Mean +- SD serum creatinine 1 yr (mg/dL)###1.2+-0.6###1.3+-0.7###0.322

Acute rejection rate (%)###19.5%###16.7%###0.535

Delayed graft function rate (%)###6.3%###6.8%###70 years) does not affect graft survival in the medium term. Transplant Proc. 2010;42: 3935-3937. doi: 10.1016/j.transproceed.2010.08.069.

3. Kwon OJ, Kwak JY. The impact of sex and age matching for long-term graft survival in living donor renal transplantation. Transplant Proc. 2004;36: 2040-2042.

4. Ghafari A, Ardalan MR. Renal transplantation in elderly recipients: a single-center experience. Transplant Proc. 2008;40: 238-239.

5. Lai Q, Nudo F, Levi Sandri GB, Melandro F, Ferretti S, Grieco M, et al. Survival after kidney transplantation does not differ with 50-59-or over 60-year-old expanded-criteria donors. Transplant Proc. 2011;43: 1030-1032.

6. Saudan P, Berney T, Leski M, Morel P, Bolle JF, Martin PY. Renal transplantation in the elderly: a long-term single-centre experience. Nephrol Dial Transplant. 2001;16: 824-828.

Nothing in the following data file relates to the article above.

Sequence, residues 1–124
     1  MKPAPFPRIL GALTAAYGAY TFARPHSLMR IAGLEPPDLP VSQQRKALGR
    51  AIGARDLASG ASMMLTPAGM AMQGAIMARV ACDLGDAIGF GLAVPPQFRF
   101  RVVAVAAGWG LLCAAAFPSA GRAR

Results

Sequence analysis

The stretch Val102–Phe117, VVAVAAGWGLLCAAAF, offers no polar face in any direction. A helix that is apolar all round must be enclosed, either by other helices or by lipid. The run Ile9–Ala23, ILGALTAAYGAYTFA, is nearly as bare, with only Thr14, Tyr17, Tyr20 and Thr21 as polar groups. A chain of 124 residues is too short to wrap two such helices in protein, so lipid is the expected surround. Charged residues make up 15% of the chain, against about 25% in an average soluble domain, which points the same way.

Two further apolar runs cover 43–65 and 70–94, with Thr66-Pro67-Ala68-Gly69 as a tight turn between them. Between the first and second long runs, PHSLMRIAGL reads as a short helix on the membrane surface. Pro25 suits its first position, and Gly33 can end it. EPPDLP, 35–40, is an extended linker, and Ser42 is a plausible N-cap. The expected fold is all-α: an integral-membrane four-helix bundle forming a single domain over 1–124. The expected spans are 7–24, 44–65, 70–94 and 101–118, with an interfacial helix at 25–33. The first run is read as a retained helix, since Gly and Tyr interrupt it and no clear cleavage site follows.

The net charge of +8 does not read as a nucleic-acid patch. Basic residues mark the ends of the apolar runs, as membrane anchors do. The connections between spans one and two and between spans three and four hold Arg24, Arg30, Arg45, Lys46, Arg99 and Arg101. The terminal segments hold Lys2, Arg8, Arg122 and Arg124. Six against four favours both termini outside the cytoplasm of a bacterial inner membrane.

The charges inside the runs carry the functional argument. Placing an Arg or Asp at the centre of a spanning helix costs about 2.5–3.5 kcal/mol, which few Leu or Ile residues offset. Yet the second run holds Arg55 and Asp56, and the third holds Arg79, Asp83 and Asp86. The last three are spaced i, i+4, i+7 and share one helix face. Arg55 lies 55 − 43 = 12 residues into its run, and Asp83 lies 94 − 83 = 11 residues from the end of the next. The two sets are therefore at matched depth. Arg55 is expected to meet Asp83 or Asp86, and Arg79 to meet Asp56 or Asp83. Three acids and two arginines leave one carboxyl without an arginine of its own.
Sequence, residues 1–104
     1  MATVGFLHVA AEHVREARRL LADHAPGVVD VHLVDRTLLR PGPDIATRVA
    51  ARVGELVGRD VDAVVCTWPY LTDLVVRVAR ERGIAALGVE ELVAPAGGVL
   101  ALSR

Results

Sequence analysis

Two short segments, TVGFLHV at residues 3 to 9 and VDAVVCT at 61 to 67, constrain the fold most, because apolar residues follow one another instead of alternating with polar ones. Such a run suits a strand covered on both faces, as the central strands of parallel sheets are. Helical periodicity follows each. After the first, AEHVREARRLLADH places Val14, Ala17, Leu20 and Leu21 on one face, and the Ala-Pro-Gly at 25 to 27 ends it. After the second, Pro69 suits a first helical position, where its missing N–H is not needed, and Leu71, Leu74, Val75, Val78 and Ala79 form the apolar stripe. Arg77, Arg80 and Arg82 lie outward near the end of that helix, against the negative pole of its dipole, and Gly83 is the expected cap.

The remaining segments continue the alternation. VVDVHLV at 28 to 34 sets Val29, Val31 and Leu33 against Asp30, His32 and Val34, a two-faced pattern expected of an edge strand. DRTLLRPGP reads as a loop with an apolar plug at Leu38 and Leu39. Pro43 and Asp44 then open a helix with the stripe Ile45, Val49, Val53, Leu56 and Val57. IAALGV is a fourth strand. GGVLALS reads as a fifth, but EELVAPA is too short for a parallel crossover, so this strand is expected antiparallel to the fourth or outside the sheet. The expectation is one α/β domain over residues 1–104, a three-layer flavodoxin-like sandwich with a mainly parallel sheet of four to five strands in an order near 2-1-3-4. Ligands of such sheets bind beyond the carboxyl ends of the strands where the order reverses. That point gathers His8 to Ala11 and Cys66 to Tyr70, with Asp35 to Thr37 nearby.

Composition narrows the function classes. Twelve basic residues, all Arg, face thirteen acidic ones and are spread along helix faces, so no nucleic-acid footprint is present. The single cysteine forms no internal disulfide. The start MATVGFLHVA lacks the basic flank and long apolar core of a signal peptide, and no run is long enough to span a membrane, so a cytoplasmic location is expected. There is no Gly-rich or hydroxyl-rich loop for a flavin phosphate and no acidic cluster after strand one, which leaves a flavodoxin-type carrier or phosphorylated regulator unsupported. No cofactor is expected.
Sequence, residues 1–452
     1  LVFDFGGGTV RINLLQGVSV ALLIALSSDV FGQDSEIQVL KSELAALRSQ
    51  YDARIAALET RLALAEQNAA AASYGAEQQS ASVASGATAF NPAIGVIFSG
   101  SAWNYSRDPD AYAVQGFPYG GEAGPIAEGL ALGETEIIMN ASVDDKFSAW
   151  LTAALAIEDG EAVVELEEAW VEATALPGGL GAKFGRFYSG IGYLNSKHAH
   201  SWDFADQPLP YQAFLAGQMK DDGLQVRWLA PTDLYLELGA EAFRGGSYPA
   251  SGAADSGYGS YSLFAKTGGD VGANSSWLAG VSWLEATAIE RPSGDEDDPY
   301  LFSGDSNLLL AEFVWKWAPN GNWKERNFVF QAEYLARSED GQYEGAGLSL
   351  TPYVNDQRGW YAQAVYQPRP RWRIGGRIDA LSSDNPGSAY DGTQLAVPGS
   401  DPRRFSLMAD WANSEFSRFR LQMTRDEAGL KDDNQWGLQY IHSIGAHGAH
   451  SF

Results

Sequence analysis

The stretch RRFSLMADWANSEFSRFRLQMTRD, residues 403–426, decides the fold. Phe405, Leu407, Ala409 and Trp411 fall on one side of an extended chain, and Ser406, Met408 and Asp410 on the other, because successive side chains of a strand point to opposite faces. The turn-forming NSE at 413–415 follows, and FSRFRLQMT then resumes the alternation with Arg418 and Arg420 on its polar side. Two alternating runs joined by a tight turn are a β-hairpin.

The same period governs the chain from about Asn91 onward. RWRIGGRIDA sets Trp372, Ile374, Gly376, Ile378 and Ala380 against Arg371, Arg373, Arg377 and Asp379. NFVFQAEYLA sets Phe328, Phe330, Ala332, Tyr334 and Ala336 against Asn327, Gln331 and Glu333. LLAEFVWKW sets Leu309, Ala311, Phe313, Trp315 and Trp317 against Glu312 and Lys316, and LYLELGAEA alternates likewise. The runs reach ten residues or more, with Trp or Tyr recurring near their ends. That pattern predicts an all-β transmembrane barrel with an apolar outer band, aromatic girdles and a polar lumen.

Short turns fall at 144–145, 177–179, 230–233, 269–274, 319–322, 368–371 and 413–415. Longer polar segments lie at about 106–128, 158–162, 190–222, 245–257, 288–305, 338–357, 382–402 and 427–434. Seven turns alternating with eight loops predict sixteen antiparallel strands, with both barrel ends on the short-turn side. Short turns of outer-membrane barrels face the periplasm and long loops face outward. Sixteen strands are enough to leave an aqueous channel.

7. Nanmoku K, Matsuda Y, Yamamato T, Tsujita M, Hiramitsu T, Goto N, et al. Clinical characteristics and outcomes of renal transplantation in elderly recipients. Transplant Proc. 2012;44: 281-283.

8. Ghafari A, Ardalan MR. Renal transplantation in elderly recipients: A single-center experience. Transplant Proc. 2008;40: 238-239.

9. Rodelo JR, Nieto-Rios JF, Serna-Higuita LM, Henao JE, Garcia A, Reino AC, et al. Survival of renal transplantation patients older than 60 years: A single-center experience. Transplant Proc. 2013;45: 1402-1409.

10. Bronzatto EJM, Silva Quadros KR, Santos RLS, Alves-Filho G, Mazzali M. Delayed graft function in renal transplant recipients: risk factors and impact on 1-year graft function: a single center analysis. Transplant Proc. 2009;41: 849-851.

11. Bardonnaud N, Pillot P, Lillaz J, Delorme G, Chabannes E, Bernardini S, et al. Outcomes of renal transplantation in obese recipients. Transplant Proc. 2012;44: 2787-2791.

12. Huang E, Segev DL, Rabb H. Kidney transplantation in the elderly. Seminars in Nephrology. 2009;29: 621-635.
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Publication:Pakistan Journal of Medical Sciences
Article Type:Report
Date:Aug 31, 2016
Words:1556